• Check this advice against the forum threads. Styleforum has the biggest archive of all clothing forums, but depending on what kind of shoes you’re buying, Superfuture and Ask Andy About Clothes can be useful as well. Iron Heart and Denimbro are also good for workwear type stuff. The key here is to search the archives before posting anything, as there’s usually a wealth of information you can mine. 

Finally, once you get your shoes, you can check to see if they fit according to this post.

Long story short: measurements are good for clothes, but bad for shoes. To find your size, you have to do some other stuff.

(Photos via Leffot, The Shoe Buff, and Bengal Stripe)

It’s On Sale: Barbour Bedale
Nordstrom has the Barbour Bedale jacket on sale for 33% off, putting it at $254. Not cheap, but it’s an incredibly useful and versatile jacket. Get a matching waxed cotton hood and you can have yourself a rain jacket as well. 
I recommend sizing down if you buy one. True-to-size is cut more for wear over a tailored jacket, but the Bedale is a bit too short to really wear over a sport coat. You might also want to budget $50 or so for alternations, as this model is notorious for having short sleeves. You can have them lengthened pretty easily by bringing the jacket to any Orvis store, or by sending it to Barbour themselves. 

It’s On Sale: Barbour Bedale

Nordstrom has the Barbour Bedale jacket on sale for 33% off, putting it at $254. Not cheap, but it’s an incredibly useful and versatile jacket. Get a matching waxed cotton hood and you can have yourself a rain jacket as well. 

I recommend sizing down if you buy one. True-to-size is cut more for wear over a tailored jacket, but the Bedale is a bit too short to really wear over a sport coat. You might also want to budget $50 or so for alternations, as this model is notorious for having short sleeves. You can have them lengthened pretty easily by bringing the jacket to any Orvis store, or by sending it to Barbour themselves. 

Technology and Fashion
One of the things that interest me about men’s clothing is not just the clothes themselves, but also the business of fashion - how things are produced, marketed, and even sold. In 2013, there were a couple of interesting stories about how developments in technology might affect the way we interact with and buy clothes.
Online Fitting: Our friend Jeffery Diduch had a post last year about developments that could improve our online shopping experience. The biggest difficulty with online shopping, obviously, is the inability to try things on before you buy, which is why it’s helpful to do business with stores with generous return policies. Companies are coming up with innovative ways to reduce that return-rate, however. True Fit, for example, is creating a database of garment measurements across companies, so that if you’re shopping at, say, Ralph Lauren, you can get a suggestion on which suit you should buy if you already know that the Brooks Brothers suit you have in your closet fits you well. You can already see how this works at places such as Nordstrom.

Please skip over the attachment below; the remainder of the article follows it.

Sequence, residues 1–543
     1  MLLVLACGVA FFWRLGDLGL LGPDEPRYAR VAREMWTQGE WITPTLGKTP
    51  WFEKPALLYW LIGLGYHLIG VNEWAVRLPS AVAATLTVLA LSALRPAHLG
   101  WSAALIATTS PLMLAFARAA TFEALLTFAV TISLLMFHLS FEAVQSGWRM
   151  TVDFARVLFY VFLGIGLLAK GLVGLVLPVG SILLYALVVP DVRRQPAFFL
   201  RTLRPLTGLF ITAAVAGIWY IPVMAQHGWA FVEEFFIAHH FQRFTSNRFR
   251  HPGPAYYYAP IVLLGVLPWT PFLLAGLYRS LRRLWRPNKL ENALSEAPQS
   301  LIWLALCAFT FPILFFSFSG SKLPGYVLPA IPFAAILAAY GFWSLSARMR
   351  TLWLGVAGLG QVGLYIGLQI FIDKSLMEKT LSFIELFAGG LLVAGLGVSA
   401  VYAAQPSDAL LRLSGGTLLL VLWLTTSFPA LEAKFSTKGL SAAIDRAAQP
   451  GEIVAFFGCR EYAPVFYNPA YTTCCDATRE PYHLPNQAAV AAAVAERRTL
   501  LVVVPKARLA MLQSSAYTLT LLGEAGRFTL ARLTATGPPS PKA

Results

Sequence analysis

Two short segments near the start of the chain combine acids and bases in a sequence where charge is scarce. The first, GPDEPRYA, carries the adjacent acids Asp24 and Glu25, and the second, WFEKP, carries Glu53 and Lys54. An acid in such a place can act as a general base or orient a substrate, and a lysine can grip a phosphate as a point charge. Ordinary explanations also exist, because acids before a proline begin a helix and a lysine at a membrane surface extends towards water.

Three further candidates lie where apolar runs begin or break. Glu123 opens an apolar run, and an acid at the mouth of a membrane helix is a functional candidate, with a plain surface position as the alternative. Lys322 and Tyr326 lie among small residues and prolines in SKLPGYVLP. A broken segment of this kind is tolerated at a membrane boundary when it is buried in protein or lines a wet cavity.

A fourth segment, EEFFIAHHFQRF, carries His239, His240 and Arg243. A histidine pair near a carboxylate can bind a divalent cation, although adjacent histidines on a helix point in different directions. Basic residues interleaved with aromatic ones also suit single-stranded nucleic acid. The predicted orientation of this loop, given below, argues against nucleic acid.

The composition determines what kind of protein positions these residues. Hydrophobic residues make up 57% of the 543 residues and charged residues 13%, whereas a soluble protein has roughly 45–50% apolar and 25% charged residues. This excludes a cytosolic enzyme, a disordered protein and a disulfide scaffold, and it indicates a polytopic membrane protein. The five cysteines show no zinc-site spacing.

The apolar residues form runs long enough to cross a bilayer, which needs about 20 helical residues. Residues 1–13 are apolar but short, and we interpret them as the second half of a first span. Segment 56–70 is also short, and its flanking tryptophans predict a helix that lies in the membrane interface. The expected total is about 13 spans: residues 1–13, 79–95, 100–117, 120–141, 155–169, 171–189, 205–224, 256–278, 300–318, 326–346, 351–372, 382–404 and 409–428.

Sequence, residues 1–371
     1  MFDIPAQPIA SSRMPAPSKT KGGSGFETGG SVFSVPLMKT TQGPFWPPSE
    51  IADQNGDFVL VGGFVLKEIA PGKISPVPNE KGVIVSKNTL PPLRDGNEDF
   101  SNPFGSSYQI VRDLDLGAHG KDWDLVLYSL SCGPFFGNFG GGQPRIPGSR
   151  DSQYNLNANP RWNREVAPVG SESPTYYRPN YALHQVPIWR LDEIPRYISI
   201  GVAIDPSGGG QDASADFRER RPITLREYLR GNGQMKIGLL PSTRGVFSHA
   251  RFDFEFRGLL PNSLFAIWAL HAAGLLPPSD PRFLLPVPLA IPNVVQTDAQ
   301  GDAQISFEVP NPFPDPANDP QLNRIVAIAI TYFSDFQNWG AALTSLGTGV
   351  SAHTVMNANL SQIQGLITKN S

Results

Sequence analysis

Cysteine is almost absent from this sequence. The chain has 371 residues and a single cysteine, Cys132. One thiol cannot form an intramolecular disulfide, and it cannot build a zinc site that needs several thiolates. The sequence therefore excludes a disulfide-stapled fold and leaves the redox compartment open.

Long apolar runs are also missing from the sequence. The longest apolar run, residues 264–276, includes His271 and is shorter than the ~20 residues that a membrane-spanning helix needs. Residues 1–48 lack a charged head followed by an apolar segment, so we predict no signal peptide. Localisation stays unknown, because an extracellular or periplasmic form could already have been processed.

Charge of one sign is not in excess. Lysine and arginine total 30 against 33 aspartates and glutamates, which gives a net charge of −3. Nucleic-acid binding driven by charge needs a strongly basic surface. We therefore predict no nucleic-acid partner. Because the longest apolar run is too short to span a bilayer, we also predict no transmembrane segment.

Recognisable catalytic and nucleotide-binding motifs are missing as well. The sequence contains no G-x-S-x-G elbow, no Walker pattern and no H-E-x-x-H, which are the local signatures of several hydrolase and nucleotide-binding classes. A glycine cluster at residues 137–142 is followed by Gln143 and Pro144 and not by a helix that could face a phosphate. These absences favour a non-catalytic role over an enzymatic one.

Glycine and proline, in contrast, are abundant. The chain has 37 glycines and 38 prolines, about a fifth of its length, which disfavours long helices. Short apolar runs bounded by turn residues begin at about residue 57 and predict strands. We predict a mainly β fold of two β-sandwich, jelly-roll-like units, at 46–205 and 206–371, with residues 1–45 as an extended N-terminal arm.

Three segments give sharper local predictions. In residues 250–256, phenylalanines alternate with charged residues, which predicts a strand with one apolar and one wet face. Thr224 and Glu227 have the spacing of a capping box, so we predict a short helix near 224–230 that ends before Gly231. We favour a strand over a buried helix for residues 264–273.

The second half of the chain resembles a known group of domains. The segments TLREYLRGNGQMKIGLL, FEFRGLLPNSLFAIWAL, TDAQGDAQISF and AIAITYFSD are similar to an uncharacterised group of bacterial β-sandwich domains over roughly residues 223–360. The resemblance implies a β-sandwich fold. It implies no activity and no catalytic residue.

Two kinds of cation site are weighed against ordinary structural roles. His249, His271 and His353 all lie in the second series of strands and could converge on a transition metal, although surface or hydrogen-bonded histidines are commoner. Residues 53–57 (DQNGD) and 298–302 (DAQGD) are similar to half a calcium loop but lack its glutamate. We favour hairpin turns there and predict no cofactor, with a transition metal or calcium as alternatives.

The Store is Everywhere: There were a couple of stories last year about potential smart phone developments that would allow people to take pictures of others on the street, and then be able to identify exactly where they can buy the clothes and accessories they saw. This would essentially make the entire world a store where you can instantly purchase almost anything you see. Business of Fashion - a fashion industry trade publication - had some interesting thoughts on what this could mean for traditional retail.
Science Fiction: There were also some more futuristic predictions. Ray Kurzweil predicted that we’ll start to see 3D printing for clothes by 2020 (surprisingly not that far away) and Business of Fashion wrote about how the emerging field of “digital biology” - which enables biologists to not just read, but also write genetic code - could allow companies to design “synthetic life” materials. This could allow us to “grow” things such as self-repairing, self-cleaning garments, or create garments that can reproduce themselves and receive “updates” (new colors, patterns, etc), much like how software updates on our computers. 
Of course, many of the advancements in technology will affect fashion in ways we won’t immediately see or realize. Increasing computing power and the digitization of data has allowed companies such as Zara to react faster to consumer trends, and as companies grow in their ability to marshal "big data," we’ll likely see fast fashion get even faster (a speeding up of trends and a continuing drop in prices). For better or worse, the idea that men’s style moves at a glacial pace might not always hold true. 
(Pictured above: an early prototype of "body scanning" pods used for custom tailoring. This contraption was made in the 1940s)

Technology and Fashion